Winter projects for spring plans

Basic beekeeping, this is beekeeping after the first winter until about the third or fourth year. You are a beekeeper, but you still have a lot to learn. Talk about normal everyday beekeeping here.
Kwalt
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Winter projects for spring plans

Postby Kwalt » Tue Oct 24, 2017 3:42 am

I’ve been encouraged to share my aspirations for the upcoming beekeeping season in southeast Kansas. My first season with bees is coming to an end with three colonies going into winter. These are in Langstroth boxes. I have 2 more Langstroth deep nucleus colonies on order for next spring from a local breeder. Their bees are all raised from local survivor stock.

My winter plans include building a few more bait hives. I used 3 this year but even though they received scouting no swarms were caught. More traps should increase my chance for success.

The two new nucs are Insurance in case none of my colonies overwinter. The plan is to build Layens hives to transfer them into. I enjoy experimenting with different methods so I don’t mind heading in a different direction than what I started in. Time in the wood shop is something I enjoy also. I thought about heading off in Greg V territory and coming up with a design of my own but after more thought decided to use an established form factor.

I’d also like to try my hand at queen rearing. Grafting a few queens is the goal as long as I have the bees to support the increase. I’m still studying to decide how I want to start and finish my queen cells. I’ve been reading Dave Cushman’s beekeeping website http://www.dave-cushman.net and his articles on small scale bee improvement. The UoG research center has beekeeping videos on YouTube that are in my opinion, very well done.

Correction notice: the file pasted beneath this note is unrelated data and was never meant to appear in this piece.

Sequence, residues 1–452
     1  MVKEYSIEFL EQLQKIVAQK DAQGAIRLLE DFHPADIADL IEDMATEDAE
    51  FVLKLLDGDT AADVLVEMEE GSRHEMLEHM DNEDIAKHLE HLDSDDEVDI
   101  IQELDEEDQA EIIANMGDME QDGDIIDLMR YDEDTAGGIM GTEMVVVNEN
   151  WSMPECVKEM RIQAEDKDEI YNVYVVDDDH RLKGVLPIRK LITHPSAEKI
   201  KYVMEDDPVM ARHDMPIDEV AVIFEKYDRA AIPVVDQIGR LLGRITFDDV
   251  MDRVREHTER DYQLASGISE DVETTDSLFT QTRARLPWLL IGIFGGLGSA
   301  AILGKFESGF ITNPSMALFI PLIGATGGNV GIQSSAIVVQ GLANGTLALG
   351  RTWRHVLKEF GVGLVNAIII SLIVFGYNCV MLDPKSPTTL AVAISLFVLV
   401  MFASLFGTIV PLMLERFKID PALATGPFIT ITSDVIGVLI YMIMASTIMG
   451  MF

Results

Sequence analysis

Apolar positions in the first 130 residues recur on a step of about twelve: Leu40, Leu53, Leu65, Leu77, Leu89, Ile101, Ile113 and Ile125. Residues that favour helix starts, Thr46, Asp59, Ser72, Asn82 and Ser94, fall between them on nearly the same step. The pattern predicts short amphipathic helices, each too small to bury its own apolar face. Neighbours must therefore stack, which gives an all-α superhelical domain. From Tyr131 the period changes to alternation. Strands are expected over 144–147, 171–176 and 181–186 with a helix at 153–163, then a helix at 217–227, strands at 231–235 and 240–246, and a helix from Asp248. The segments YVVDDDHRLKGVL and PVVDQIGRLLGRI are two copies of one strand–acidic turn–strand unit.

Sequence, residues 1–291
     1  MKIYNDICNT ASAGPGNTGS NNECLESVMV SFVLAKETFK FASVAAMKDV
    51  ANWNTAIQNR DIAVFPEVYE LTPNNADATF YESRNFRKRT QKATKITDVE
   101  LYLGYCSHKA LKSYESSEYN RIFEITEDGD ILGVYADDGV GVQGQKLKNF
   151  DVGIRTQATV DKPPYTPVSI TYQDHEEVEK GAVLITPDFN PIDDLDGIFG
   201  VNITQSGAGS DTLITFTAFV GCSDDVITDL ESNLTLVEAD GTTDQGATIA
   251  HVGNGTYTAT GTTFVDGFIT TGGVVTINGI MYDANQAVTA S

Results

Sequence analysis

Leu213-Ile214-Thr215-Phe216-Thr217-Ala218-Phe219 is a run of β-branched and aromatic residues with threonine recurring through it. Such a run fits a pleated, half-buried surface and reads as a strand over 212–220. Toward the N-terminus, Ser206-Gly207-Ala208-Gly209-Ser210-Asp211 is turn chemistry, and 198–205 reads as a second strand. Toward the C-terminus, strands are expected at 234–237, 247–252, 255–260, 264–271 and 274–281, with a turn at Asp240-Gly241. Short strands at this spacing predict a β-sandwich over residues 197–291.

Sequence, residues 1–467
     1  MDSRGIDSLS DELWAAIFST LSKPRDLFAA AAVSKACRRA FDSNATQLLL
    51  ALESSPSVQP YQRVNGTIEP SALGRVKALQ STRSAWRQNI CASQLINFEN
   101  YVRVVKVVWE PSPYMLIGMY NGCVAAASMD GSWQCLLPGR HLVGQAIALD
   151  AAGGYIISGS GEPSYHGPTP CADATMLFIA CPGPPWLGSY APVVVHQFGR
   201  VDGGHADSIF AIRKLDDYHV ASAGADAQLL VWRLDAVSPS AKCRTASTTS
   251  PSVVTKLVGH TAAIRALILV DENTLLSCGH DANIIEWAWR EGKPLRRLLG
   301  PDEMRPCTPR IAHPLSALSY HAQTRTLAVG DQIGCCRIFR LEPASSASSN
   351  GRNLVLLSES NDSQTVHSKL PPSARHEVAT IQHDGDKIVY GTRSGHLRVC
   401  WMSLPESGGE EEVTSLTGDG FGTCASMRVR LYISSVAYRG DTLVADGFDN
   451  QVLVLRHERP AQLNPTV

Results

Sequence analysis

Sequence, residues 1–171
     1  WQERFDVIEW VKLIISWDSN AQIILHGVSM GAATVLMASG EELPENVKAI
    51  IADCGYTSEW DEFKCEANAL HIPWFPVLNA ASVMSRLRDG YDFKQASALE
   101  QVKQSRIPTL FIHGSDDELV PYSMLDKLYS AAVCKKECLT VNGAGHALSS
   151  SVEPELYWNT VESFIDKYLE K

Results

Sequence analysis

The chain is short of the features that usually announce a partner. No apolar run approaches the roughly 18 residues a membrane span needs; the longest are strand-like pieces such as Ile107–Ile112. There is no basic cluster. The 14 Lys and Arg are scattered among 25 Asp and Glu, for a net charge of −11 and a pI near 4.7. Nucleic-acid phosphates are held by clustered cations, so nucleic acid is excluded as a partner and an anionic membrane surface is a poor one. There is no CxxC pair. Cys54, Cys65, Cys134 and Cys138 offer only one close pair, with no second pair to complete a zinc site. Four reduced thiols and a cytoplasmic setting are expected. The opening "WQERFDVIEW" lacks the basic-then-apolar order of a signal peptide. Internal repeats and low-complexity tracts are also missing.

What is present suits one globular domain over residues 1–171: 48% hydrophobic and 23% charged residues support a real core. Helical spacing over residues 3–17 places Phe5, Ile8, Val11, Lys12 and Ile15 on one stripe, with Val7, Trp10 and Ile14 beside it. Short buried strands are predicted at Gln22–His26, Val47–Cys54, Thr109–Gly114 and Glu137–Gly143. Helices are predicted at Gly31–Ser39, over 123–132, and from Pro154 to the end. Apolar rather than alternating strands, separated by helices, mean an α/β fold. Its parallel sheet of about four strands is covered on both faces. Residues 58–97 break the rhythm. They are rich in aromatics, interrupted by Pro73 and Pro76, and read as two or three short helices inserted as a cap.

http://www.youtube.com/playlist?list=PL ... 1VffkIB1hA

The last shop project on the list is to build an observation hive. I have some general ideas on how I want to go about this but at this time I haven’t drawn anything up.

I think that is an aggressive enough approach to year two for me. If I accomplish it all may be questionable.

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GregV
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Re: Winter projects for spring plans

Postby GregV » Tue Oct 24, 2017 3:58 pm

Kwalt wrote:I thought about heading off in Greg V territory and coming up with a design of my own but after more thought decided to use an established form factor.


Here is a "free advice".... :D Feel free to ignore.

Take an established form factor and optimize it. This is what I do.
I am not doing pure Layens (as pointed out) as a non-efficient way to spend my own time/resources.
No need to fight the existing system, but use the aikido approach and redirect the already produced equipment and spent energy for your advantage.

Just turn the existing frame and give bees what they want.
Last edited by GregV on Tue Oct 24, 2017 4:00 pm, edited 2 times in total.

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SiWolKe
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Re: Winter projects for spring plans

Postby SiWolKe » Tue Oct 24, 2017 3:59 pm

First I want to encourage you in making all your plans come true and hopefully have your colonies surviving until spring.

I too will build bait hives but for my own swarms, since I plan to follow Tom Seeley on darwinian beekeeping but will have slightly bigger hives to have them throw swarms only once a time hopefully.
I plan to use a dadant box with medium fixed at the bottom and use my dad ant frame top bars only with starter stripe. Still have to experiment on this.
The broodnest areas I plan to leave undisturbed mostly and if there is a very good flow and a strong hive I will super on top.